Integration of theories and applications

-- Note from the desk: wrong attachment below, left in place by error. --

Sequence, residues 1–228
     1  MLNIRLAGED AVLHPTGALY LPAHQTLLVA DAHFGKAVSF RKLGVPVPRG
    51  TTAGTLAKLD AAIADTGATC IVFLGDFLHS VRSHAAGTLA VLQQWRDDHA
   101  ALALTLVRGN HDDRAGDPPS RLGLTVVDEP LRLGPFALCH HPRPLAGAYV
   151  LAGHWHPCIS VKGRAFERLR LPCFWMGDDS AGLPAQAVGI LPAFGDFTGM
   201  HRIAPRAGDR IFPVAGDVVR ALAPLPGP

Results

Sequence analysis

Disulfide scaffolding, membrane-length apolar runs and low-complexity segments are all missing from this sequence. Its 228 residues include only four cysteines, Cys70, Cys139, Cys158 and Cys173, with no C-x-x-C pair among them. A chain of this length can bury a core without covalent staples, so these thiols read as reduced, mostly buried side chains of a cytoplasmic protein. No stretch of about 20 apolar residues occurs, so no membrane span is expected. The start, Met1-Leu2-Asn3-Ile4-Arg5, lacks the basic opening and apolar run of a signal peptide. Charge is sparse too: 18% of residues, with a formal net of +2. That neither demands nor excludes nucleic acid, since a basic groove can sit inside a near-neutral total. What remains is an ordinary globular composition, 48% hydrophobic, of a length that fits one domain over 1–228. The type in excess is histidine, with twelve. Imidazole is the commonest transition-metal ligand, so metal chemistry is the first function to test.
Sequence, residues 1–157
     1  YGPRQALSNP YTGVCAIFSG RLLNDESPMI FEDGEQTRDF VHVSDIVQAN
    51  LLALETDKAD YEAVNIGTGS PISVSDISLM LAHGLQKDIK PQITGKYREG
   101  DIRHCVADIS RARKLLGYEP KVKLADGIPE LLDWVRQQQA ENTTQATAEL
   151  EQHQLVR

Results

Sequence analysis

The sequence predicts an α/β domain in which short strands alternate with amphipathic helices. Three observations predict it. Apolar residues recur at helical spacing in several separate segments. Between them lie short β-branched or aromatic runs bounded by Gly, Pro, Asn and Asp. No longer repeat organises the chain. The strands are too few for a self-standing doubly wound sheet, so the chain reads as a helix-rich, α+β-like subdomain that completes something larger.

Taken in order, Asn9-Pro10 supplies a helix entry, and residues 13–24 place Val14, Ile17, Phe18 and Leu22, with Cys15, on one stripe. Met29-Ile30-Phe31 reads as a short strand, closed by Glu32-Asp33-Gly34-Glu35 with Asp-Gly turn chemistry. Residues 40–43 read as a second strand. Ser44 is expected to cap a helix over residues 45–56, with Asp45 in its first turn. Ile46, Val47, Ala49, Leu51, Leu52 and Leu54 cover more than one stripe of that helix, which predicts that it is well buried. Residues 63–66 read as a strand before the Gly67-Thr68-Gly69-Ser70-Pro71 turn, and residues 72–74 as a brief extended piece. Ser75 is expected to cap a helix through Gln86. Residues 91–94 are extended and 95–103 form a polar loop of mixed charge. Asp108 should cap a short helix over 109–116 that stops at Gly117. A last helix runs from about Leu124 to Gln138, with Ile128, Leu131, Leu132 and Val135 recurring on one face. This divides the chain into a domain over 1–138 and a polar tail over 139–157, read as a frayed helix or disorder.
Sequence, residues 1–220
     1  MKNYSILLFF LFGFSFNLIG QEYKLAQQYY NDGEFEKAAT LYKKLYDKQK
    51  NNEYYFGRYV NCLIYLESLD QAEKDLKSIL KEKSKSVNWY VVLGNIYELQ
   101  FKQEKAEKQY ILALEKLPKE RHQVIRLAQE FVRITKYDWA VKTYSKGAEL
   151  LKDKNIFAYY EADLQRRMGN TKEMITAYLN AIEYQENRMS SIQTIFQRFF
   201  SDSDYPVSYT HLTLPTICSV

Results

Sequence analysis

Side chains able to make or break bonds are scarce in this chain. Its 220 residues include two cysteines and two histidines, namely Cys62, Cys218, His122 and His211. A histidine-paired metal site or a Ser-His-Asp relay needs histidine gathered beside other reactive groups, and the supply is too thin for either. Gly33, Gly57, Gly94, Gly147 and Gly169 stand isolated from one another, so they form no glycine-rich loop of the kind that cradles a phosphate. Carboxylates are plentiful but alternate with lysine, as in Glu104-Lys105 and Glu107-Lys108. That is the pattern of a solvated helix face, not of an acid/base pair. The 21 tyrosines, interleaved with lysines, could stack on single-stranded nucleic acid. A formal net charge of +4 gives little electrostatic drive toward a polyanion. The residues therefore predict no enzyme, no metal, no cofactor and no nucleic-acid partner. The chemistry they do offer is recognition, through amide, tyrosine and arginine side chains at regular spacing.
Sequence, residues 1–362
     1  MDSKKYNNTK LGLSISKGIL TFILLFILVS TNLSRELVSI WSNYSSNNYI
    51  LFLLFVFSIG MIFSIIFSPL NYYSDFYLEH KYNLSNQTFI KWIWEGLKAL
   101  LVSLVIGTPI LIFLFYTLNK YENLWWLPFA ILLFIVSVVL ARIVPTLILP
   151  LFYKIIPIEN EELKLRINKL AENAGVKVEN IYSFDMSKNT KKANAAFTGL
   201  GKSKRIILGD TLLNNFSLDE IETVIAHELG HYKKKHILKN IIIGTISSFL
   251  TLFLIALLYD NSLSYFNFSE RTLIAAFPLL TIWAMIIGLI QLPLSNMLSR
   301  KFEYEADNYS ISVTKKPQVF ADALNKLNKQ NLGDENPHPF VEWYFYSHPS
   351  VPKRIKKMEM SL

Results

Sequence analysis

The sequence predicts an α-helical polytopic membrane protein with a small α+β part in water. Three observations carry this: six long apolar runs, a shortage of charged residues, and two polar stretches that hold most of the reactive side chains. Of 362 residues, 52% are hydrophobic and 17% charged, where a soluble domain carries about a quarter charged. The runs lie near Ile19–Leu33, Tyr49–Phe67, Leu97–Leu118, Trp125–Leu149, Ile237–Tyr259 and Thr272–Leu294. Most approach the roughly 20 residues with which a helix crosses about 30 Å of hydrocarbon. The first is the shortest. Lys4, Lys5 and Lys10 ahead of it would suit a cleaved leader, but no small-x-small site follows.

Linguistics has suffered from the lack of interaction between theoretical and experimental activities. In order to carry out experimental studies in language it is, of course, necessary to have a descriptive system for the stimuli, and formal linguistics has provided a plethora of alternative possibilities. In addition, the theory can perhaps suggest some hints as to the direction experimental studies might take, at least to the extent that it suggest various kinds of relation among syntactic or phonological structures. But the theory alone cannot determine the nature of such relations in the cognitive or processing system of the language user. The first section of this volume addresses several of the key theoretical controversies in linguistics and attempts to specify the kinds of experimental evidence which might contribute to their ultimate resolution. The papers in the second section concern the collection of that evidence and its interpretation.